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FPT director discusses bringing ‘Spring’ to campus

Published: April 1, 2011
Section: Arts, Etc.


Free Play Theater hopes to push boundaries this weekend with their production of Frank Wedekind’s controversial play “Spring Awakening,” which is about teenagers’ sexual awakenings in a repressive small town.

The 19th century German play, translated into English, has been banned numerous times in the history of its performance for its strong themes of sexuality and its broaching of controversial and sensitive topics such as suicide and abortion. Recently, the play has been adapted into a rock opera by Duncan Sheik that has made it more relevant for modern audiences. Free Play Theater rediscovers Wedekind’s more nuanced original.

Hillary Crum ’13, the director of “Spring Awakening,” sat down with The Hoot to discuss the play, sex and the desire to blow her audience’s minds.

Kayla Dos Santos: Why did you decide to do the German play “Spring Awakening”?

Hillary Crum: Free Play is about challenging the audience and leaving them with their jaws on the floor. “Spring Awakening” certainly does that. I love the musical, and I enjoyed the play a lot more than I expected. I read it in Scott Edmiston’s “Desires and Awakenings: the Search for Identity in Modern Drama” course.

KDS: How has Duncan Sheik’s rock adaptation affected putting on the play “Spring Awakening”?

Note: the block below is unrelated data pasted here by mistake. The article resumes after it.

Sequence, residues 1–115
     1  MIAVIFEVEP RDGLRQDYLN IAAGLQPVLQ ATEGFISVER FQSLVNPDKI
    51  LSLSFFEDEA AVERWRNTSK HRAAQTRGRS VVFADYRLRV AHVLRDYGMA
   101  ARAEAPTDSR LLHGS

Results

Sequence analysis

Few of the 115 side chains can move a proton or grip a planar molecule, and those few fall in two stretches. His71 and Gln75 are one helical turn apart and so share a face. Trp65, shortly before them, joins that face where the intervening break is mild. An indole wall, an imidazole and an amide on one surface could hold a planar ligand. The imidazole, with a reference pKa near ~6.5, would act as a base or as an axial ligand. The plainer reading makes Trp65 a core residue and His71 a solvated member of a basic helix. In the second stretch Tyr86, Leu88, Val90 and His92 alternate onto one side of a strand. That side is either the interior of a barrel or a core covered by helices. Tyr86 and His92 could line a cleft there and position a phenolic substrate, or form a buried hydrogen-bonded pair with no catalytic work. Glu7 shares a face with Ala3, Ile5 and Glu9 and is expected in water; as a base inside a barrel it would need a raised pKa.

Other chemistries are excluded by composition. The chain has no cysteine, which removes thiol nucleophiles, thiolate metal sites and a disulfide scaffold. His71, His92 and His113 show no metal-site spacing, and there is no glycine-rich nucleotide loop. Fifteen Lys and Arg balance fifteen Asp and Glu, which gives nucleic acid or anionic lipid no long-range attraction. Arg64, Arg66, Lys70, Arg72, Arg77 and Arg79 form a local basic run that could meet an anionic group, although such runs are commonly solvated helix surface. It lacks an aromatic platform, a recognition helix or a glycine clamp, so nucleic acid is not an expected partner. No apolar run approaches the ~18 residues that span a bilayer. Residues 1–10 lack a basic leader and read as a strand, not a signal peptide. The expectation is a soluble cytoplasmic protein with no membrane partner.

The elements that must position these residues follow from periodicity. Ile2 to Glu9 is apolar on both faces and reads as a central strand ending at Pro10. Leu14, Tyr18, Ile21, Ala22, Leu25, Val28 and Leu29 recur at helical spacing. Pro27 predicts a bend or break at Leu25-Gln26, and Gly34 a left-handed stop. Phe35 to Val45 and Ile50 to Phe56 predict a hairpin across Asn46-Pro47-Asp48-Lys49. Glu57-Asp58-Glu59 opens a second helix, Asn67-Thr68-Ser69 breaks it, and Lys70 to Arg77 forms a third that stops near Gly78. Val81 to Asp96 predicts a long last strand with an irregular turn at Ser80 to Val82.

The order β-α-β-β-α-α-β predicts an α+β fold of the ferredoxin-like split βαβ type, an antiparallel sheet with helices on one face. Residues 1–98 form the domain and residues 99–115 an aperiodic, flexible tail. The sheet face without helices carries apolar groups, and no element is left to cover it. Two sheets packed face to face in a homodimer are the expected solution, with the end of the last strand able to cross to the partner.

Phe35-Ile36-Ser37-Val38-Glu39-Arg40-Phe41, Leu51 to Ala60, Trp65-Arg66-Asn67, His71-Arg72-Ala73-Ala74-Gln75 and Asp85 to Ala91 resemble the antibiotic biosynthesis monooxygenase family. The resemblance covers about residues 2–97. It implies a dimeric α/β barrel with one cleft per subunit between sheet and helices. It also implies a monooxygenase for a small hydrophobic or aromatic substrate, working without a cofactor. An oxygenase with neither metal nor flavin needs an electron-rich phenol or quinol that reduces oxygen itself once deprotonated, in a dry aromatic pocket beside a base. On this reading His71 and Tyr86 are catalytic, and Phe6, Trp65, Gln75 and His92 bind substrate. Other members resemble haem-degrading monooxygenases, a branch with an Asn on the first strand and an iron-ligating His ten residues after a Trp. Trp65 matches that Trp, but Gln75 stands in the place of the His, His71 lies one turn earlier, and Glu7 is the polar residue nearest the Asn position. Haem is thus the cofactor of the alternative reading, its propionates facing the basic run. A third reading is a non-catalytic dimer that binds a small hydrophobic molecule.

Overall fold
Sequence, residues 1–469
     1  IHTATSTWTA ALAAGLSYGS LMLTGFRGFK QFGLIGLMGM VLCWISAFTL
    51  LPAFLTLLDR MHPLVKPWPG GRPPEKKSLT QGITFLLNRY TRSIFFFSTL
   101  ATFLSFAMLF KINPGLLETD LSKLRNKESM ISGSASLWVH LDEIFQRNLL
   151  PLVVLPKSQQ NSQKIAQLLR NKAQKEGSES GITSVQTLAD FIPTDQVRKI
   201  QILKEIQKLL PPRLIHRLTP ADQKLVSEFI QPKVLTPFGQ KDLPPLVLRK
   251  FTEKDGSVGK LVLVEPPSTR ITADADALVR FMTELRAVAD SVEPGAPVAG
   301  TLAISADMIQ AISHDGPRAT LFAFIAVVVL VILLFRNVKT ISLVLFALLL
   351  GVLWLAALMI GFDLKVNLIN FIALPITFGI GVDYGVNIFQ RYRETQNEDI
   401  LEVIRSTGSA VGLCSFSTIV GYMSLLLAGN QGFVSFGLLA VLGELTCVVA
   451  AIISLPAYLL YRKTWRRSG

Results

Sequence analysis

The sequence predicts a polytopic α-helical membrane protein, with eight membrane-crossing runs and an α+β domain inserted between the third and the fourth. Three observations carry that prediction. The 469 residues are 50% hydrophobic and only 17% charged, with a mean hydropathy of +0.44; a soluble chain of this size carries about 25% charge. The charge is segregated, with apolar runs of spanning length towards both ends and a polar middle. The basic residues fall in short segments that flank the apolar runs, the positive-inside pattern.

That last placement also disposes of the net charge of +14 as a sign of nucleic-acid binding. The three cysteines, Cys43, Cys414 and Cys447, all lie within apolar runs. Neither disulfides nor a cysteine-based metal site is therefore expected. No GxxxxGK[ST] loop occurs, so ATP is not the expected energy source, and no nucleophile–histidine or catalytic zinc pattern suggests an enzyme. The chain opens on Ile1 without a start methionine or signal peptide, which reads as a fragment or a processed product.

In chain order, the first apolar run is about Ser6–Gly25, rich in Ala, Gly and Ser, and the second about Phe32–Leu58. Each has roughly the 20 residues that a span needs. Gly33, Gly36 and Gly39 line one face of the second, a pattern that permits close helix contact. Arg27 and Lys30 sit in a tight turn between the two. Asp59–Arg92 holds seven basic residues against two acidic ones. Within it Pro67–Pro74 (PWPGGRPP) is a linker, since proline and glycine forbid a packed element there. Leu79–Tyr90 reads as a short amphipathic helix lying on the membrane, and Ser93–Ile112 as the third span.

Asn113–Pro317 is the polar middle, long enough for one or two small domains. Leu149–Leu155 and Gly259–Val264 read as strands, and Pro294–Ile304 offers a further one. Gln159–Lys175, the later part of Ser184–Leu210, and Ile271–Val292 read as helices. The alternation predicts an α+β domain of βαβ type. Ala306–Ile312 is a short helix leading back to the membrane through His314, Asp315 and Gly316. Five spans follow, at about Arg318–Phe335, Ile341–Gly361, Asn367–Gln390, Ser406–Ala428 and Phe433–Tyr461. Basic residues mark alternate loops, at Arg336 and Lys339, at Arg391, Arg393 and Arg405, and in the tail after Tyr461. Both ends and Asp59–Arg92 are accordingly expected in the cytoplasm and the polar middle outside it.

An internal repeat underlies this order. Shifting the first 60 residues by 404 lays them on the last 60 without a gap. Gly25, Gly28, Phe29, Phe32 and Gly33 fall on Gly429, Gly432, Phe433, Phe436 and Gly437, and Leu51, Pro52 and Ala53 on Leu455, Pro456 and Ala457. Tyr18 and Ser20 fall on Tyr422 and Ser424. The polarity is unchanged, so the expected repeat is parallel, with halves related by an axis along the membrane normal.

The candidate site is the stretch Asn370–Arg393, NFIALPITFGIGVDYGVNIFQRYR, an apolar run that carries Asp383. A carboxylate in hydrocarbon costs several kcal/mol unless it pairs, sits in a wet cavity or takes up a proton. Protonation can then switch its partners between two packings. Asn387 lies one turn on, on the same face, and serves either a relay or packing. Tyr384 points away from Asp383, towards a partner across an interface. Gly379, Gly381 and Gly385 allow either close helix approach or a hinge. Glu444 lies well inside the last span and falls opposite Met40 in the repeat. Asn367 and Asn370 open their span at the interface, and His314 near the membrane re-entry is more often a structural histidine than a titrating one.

HC: It was more an obstacle for me than for anyone else. I was so attached to the musical, I had to keep asking myself if I was so attached to a certain way of staging because I saw it in the musical, or because that was actually how I wanted it. I wanted to create a different experience.

KDS: How is the musical different from the play?

HC: The play has a non-consensual sex scene … there’s more gray area. Frank Wedekind’s script is a lot nicer to the kids. The musical shows them as sex-crazed teenagers, while in the original the characters have a lot more dimensions … There are specific nuances of the characters, little stylistic differences, specific reasoning for saying something.

KDS: The play has been banned numerous times for its focus on sexuality. What do you think makes it a controversial subject?

HC: Sexuality had a lot of potential. There is a heterosexual sex-scene on stage, as well as two boys kissing—which was so much sweeter. I think college students have heard it all, but sex was a taboo subject when the play was originally written. The scene with the two boys kissing was difficult at the beginning, but the two actors handled it very professionally.

KDS: What was your favorite part about directing “Spring Awakening”?

HC: My favorite part was watching my cast members take a piece of writing and make it into a performance. It’s a challenge because Wedekind’s play has such beautiful, dense language.

KDS: What was one of the biggest obstacles you faced?

HC: I had a really hard time casting it. There’s never enough boys, I had to go through UTC [Undergraduate Theatre Collective] casting. While the actors are not necessarily my top choice, all filled their parts amazingly well. The actor who plays Melchior, Yoni Bronstein [’13], came in every day with something new to say about Melchior. He’s still finding things and it’s two days before the show.

KDS: What do you hope audiences take away from “Spring Awakening”?

HC: I want to blow their minds. One of my high school directors told me that there has to be passion in directing, and that’s what I have for this play. I want to leave them reeling … and thinking about this for weeks.

Performances of “Spring Awakening” will be given in the Schwartz auditorium on April 1 at 8 p.m. and April 2 at 2 and 8 p.m.